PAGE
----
Sources: Shionogi, Inc., Symproic prescribing information; Salix Pharmaceuticals, Relistor prescribing information; and Food and Drug Administration, Symproic approval letter
Manufacturer: Teva Pharmaceuticals USA, Inc., North Wales, Pennsylvania
Date of Approval: April 3, 2017
Indication: Deutetrabenazine is indicated for the treatment of chorea associated with Huntington’s disease (HD).
Drug Class: Vesicular monoamine transporter 2 (VMAT2) inhibitor
Uniqueness of Drug: The precise mechanism by which deutetrabenazine exerts its antichorea effects is unknown, but it is believed to be related to its effect as a reversible depletor of monoamines such as dopamine, serotonin, norepinephrine, and histamine from nerve terminals. The major circulating metabolites of deutetrabenazine, alpha-dihydrotetrabenazine (α-HTBZ) and beta-dihydrotetrabenazine (β-HTBZ), are reversible inhibitors of VMAT2, resulting in decreased uptake of monoamines into synaptic vesicles and depletion of monoamine stores.
Deutetrabenazine, previously granted orphan drug status by the Food and Drug Administration, is the first deuterated product approved by the agency. Deutetrabenazine is the second product approved for HD, a rare and fatal neurodegenerative disorder affecting more than 35,000 people in the United States. Chorea is one of the most obvious physical manifestations of HD, occurring in approximately 90% of patients. Chorea significantly impacts patients’ functionality and activities of daily living. This is the first new treatment for HD chorea in nearly a decade.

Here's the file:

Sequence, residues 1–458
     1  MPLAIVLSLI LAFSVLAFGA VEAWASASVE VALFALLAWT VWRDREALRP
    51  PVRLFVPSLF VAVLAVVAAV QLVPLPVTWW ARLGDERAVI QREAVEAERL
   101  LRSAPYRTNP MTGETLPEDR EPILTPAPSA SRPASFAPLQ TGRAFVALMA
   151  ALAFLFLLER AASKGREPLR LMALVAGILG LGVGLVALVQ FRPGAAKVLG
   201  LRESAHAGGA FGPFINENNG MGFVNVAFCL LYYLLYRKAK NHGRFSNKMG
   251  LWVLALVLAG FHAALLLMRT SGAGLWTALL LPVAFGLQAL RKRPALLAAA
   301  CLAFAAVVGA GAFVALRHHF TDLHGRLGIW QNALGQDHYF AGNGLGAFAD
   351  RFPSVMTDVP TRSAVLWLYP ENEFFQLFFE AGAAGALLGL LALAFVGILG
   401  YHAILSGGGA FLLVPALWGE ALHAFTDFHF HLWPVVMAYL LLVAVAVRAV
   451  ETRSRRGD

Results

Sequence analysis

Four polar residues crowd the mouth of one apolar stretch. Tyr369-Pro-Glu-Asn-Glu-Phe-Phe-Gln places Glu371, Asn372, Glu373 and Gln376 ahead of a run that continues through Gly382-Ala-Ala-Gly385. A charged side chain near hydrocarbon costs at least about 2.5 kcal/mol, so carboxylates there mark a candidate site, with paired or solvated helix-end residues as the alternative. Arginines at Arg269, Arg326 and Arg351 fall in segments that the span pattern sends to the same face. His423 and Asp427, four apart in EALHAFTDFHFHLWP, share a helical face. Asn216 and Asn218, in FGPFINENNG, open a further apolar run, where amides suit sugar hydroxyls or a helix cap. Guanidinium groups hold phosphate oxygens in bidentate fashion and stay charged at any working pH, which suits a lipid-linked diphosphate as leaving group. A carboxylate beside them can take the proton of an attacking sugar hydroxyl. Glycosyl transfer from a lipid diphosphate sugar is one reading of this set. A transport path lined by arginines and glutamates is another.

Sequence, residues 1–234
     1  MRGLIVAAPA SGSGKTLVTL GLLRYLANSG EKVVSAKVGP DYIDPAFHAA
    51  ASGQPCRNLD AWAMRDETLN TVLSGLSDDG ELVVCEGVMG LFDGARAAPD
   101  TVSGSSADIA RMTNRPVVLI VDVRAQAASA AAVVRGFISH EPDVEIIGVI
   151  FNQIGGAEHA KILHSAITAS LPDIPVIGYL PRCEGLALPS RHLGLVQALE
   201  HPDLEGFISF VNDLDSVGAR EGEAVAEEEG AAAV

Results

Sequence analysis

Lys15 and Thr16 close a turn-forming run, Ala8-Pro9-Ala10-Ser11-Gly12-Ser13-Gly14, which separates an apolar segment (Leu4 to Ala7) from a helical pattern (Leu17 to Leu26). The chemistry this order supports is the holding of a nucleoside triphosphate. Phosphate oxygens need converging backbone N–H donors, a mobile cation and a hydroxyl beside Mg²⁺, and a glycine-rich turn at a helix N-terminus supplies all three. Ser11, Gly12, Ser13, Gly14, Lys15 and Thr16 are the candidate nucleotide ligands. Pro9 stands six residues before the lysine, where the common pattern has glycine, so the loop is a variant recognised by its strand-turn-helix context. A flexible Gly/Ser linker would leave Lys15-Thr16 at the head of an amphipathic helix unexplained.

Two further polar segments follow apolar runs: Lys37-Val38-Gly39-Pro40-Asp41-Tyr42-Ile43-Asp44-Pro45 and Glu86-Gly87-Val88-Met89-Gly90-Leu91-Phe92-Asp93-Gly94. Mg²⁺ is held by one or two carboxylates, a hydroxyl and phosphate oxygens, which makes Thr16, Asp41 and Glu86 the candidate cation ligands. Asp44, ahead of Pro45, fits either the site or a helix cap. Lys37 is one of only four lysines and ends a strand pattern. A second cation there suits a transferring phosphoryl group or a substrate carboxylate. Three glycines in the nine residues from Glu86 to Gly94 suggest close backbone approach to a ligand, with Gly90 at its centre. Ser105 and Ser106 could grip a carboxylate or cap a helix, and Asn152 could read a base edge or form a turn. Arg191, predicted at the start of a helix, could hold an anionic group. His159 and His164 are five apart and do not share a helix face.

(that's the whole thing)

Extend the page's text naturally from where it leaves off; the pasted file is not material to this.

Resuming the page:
Warnings and Precautions:
Boxed warning: depression and suicidal thoughts and behavior (suicidality). When considering the use of deutetrabenazine, the risk of suicidality should be balanced against the need for chorea treatment. All deutetrabenazine-treated patients should be monitored for new or worsening depression or suicidality. If these occur and do not resolve, discontinuation of treatment should be considered. Patients, their caregivers, and families should be informed of the risks of depression, worsening depression, and suicidality associated with the drug and should be instructed to immediately report concerning behaviors to the treating physician. Patients with HD who express suicidal ideation should be evaluated immediately. Caution should be utilized when treating patients with a history of suicide attempts, suicidal ideation, or depression.